California flouts federal law on immigration

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California flouts federal law on immigration

Giancarlo Lizarraga, Staff Writer

Secession is in the air, protesters are flowing down city streets, and state representatives are lashing back at President Trump’s recent actions.

While California has seen decreased effects from its ongoing drought, the political heat is rising in this state of more than 10 million immigrants and about 2.67 million undocumented immigrants according to the Public Policy Institute of California.

“Immigrants are an integral part of who we are and what we’ve become,” Gov. Jerry Brown said in his state of the state address.

These sentiments seem to not be shared by President Trump as shown by his executive orders of a physical barrier along America’s southern border and the prevention of foreign nationals from entering the U.S. even with proper documentation.

“Make no mistake — this is a Muslim ban,” senator Kamala Harris said in response to Trump’s executive order that put a ban on entry from Iran, Iraq, Libya, Somalia, Sudan, Syria, and Yemen.

California Assembly Bill 4, known as the TRUST Act, prohibits law enforcement from detaining an individual who is eligible for release from custody. This bill works contradictory to the many detainments of arriving immigrants due to the aforementioned executive order.

Another attack on Californian interests is the executive order issued on January 25 that withholds federal funds to sanctuary cities, those municipalities that don’t prosecute illegal immigrants for violating federal immigration laws.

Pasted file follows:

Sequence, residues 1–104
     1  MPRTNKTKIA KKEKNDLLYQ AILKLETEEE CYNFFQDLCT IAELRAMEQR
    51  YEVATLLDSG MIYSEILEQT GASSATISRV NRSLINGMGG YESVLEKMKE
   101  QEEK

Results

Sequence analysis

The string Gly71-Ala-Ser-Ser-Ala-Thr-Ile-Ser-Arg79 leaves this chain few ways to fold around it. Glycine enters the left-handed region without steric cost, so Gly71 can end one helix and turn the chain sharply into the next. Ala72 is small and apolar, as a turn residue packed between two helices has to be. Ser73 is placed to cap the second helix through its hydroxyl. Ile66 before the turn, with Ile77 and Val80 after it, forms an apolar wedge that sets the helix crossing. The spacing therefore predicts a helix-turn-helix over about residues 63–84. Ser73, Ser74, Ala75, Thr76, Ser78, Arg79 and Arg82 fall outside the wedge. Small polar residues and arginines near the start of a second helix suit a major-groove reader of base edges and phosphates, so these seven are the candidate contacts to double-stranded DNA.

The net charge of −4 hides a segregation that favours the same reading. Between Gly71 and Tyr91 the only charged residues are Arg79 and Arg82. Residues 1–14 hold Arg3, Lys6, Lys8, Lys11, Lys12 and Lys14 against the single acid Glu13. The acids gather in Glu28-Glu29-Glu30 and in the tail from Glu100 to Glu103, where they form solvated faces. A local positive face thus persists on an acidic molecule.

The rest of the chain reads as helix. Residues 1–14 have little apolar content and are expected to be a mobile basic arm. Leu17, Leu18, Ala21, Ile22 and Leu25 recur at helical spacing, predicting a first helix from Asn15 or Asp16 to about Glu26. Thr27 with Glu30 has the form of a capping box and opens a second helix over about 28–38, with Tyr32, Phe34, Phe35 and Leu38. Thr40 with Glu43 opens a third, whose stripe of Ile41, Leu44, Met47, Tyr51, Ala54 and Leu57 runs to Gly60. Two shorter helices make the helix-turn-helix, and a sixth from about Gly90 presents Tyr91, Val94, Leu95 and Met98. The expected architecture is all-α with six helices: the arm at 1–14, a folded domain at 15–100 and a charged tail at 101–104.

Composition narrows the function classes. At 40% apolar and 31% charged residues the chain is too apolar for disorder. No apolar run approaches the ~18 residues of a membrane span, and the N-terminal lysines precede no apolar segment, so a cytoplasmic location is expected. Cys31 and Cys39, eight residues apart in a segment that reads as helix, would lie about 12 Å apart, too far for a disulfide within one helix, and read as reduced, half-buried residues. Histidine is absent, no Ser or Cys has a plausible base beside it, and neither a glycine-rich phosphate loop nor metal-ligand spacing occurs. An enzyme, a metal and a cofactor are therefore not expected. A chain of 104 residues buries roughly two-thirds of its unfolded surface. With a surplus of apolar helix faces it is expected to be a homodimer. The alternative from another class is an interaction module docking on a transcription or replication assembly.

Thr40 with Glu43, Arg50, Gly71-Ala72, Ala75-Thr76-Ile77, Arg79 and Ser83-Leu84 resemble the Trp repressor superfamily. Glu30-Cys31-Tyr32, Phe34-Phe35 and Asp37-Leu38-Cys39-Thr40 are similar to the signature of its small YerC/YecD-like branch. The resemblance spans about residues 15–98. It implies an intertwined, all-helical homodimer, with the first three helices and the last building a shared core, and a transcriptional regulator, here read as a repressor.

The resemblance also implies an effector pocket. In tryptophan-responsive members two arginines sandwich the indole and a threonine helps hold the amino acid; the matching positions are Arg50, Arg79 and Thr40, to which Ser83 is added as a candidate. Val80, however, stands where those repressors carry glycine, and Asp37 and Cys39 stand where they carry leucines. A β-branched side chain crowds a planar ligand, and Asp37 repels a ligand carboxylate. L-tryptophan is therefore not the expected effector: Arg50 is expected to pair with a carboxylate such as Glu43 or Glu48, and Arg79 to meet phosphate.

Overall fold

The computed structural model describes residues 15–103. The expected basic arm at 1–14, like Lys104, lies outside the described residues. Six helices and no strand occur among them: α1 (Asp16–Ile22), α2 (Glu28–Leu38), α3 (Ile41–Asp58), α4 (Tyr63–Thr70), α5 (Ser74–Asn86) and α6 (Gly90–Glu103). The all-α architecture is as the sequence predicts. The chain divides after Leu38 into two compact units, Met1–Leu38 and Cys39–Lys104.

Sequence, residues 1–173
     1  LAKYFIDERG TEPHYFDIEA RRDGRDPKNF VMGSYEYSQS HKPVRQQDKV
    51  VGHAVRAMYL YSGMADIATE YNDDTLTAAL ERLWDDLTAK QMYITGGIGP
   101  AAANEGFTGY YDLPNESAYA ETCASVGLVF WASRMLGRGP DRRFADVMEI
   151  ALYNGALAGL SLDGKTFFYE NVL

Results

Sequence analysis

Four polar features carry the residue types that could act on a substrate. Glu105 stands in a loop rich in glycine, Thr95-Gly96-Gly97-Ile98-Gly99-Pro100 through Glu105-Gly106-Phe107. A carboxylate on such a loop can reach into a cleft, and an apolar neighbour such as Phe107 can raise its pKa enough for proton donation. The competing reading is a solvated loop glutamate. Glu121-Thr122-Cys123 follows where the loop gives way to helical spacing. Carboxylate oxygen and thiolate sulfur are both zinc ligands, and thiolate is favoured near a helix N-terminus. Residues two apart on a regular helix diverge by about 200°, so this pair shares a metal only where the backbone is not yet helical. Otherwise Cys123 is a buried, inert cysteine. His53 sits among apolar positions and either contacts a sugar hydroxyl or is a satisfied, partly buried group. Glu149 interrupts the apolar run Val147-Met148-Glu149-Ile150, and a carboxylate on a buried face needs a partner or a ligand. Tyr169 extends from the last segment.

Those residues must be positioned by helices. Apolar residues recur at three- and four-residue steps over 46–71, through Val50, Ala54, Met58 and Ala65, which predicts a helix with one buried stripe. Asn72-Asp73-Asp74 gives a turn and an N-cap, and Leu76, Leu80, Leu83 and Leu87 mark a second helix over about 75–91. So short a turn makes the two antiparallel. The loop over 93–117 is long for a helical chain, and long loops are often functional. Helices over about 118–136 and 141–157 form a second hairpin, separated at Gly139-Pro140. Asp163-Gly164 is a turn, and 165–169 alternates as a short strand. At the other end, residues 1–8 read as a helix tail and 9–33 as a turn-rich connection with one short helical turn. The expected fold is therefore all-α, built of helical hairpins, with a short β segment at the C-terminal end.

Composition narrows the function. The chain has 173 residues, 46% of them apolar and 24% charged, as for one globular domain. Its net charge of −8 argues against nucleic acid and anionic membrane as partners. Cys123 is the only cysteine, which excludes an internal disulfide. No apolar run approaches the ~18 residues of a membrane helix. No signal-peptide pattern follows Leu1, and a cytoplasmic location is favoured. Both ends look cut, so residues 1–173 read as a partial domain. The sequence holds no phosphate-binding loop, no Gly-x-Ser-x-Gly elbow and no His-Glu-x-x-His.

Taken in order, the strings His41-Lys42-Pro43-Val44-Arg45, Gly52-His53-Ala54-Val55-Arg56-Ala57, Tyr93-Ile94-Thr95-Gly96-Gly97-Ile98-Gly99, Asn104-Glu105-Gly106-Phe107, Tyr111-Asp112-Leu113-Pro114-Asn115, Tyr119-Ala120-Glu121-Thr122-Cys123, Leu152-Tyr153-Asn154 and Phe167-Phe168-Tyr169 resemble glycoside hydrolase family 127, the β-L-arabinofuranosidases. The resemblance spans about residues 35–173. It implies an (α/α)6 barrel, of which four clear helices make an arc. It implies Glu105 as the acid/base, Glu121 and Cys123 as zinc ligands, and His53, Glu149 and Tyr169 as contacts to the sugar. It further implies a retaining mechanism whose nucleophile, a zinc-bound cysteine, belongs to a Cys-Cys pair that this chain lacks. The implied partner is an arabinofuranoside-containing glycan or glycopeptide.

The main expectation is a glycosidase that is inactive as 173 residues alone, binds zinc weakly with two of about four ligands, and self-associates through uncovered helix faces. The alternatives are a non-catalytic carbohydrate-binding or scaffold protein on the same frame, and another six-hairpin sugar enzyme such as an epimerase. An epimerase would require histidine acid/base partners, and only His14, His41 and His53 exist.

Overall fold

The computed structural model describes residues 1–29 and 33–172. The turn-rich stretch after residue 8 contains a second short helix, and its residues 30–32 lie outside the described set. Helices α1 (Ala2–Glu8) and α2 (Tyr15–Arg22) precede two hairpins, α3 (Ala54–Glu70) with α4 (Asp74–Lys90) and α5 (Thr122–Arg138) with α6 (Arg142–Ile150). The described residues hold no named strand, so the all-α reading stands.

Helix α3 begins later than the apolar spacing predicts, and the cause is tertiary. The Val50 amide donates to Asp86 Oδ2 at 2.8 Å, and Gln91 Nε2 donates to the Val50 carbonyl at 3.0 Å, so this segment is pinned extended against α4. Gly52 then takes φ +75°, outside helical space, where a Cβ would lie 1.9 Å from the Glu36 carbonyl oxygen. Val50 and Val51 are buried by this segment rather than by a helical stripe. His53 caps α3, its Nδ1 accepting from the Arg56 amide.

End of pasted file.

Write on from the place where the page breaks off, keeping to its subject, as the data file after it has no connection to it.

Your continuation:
Six days later the city of San Francisco, a sanctuary city, sued the Trump administration on the grounds that it is unconstitutional for the federal government to threaten local government with the loss of money for failing to administer a program.

State Superintendent of Public Instruction Tom Torlakson continues to urge the 1,025 California school districts to become “safe havens” by withholding information on students’ citizenship status unless allowed by a child’s parental guardian.

“Personally, I believe all students should have an opportunity to learn under any and all circumstances,” LUSD Board member Gary Knackstedt said. Knackstedt represents Area two of the Lodi Unified School District which includes Bear Creek High School.

Stockton, Lincoln, and Tracy school districts have already adopted Torlakson’s policies, but Knackstedt says that the legal policies for Lodi Unified concerning the subject are still being discussed.

Undocumented students in California also get the opportunity to pay in-state tuition at public colleges and universities through the Immigrant Higher Education Act. The California DREAM Act allows those students to receive out-of-state financial aid almost identical to the FAFSA that documented students are eligible to receive.

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